This was so great and act of love that strengthened no one could have reasoned him or herself to this it can be understood only by reflecting on the Jewish Scriptures. We should not become too concerned with finding direct predictions for this. As we will see when we further explore into 1 Cor 15, the concept of resurrection which the early church received was the rebirth of the entire Jewish people. Jews, such as the Pharisees, expanded this to require the resurrection of individuals as well. Nonetheless the mysterious suffering servant passages from Isaiah may be truly prophetic. One of which is excerpted below (see the appendix for the full passage):

For ancient peoples buried was the sign that death and truly occurred.

The creed continues with:

He was raised. The word used egēgertai is in the perfect passive. The passive tense is often called the “divine passive,” it is a sign that God is working. In our terms, it is the Father who raises Jesus from the dead. This is not to deny Jesus’ divinity, but to emphasize that his resurrection was God directed. The perfect tense which could best if awkwardly be translated as “being raised” demonstrates that this is a continuing action of God and that still has an effect in our lives.

Three days has many possible antecedents in Scripture, but it is best to take its most minimal meaning: Jesus was truly dead, so could be truly raised.

This again is according to the Scriptures. Again, we are reminded that we are not to search for individual texts but to see the resurrection of Jesus and the continuation in our own lives as the fulfillment of the entire mission of the Jewish people as reflected in our common scriptures.

Appeared emphasizes that this is an objective fact not a subjective feeling. The witnesses experienced the real Jesus not a vision or in a dream

He then lists people to whom Jesus appeared. There are two points of importance.

Although all the Gospels state that the first witnesses were women they are not included. Paul is making a legal point and women could not be witnesses in a legal proceeding. Like Luke, he emphasizes that there are still people who are alive who would have had a “resurrection” appearance of Jesus.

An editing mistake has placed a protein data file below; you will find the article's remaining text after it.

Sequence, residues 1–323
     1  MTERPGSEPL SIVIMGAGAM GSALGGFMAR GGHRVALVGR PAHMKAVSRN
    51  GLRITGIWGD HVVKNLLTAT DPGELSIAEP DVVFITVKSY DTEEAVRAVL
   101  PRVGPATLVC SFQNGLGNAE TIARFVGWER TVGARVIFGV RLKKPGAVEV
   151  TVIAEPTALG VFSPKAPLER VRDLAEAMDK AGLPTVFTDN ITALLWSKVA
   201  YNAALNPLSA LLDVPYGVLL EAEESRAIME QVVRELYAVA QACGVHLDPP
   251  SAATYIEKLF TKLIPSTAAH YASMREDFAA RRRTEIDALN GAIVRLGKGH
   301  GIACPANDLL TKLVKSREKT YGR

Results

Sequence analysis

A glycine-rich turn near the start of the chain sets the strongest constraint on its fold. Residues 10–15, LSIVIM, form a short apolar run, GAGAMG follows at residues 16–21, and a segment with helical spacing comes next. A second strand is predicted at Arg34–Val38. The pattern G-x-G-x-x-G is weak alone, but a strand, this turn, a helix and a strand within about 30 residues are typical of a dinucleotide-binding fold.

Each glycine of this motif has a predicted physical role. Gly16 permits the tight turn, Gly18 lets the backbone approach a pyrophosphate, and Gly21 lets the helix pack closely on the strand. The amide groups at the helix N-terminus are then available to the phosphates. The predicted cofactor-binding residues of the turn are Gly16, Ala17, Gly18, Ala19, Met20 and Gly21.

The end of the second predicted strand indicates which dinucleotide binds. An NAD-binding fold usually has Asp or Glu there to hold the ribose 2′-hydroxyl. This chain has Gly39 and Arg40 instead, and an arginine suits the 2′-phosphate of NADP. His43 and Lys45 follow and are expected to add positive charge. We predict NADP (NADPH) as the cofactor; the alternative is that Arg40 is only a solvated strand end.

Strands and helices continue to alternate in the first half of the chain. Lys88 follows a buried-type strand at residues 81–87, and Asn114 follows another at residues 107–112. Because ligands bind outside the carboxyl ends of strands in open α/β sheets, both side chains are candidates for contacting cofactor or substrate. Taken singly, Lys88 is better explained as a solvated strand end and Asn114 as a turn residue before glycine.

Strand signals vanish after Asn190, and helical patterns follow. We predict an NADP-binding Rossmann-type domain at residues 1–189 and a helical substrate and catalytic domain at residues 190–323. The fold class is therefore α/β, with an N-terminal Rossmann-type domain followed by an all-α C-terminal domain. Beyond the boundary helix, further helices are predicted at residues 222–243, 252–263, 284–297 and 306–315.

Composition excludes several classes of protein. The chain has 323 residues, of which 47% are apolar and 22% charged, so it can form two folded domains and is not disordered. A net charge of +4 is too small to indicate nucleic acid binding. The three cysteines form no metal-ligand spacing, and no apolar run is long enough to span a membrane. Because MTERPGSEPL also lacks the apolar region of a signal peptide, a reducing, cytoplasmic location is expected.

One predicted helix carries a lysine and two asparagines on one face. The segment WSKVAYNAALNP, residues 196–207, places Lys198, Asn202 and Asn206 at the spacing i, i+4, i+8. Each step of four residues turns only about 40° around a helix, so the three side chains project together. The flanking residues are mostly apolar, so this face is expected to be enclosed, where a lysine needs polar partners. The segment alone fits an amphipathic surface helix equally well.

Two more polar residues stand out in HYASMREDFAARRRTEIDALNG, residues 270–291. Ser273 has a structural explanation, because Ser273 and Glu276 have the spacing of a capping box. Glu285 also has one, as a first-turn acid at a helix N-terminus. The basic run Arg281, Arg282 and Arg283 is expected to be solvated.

The second is more personal. He states that the Lord appeared to him. An experience of the risen Lord was a requirement for being an apostle. Apostle means “one sent.” Some among the Corinthians, as can be seen more clearly in 2 Corinthians, disputed his right to be called an apostle. Paul reminded them that apostleship is a call from God not a commission from a community and should be judged by its fruits.

The conclusion of this section “Therefore, whether it be I or they, so we preach and so you believed.” (1 Co 15:11) refers to the opening: “Now I am reminding you, brothers, of the gospel I preached to you, which you indeed received and in which you also stand.” (1 Co 15:1)

By accepting the Gospel from him, they are his fruit and accordingly prove his point that he is an apostle.

But what is their fruit? Paul’s apostleship has been successful but what about their discipleship? How can there be so many divisions among them if they believe that they are being saved by the gospel? As we are also in a very divided society and church, we need to ask the same question and as we prepare for Lent. Paul will help us do so. Whether in 1st century Greece or 21st century North America, the good news has been heard only when a community has been built.


He was despised and rejected by others;
a man of suffering and acquainted with infirmity;
and as one from whom others hide their faces
he was despised, and we held him of no account.
Surely he has borne our infirmities
and carried our diseases;
yet we accounted him stricken,
struck down by God, and afflicted.
But he was wounded for our transgressions,
crushed for our iniquities;
upon him was the punishment that made us whole,
and by his bruises we are healed.

(Is 53:3–5)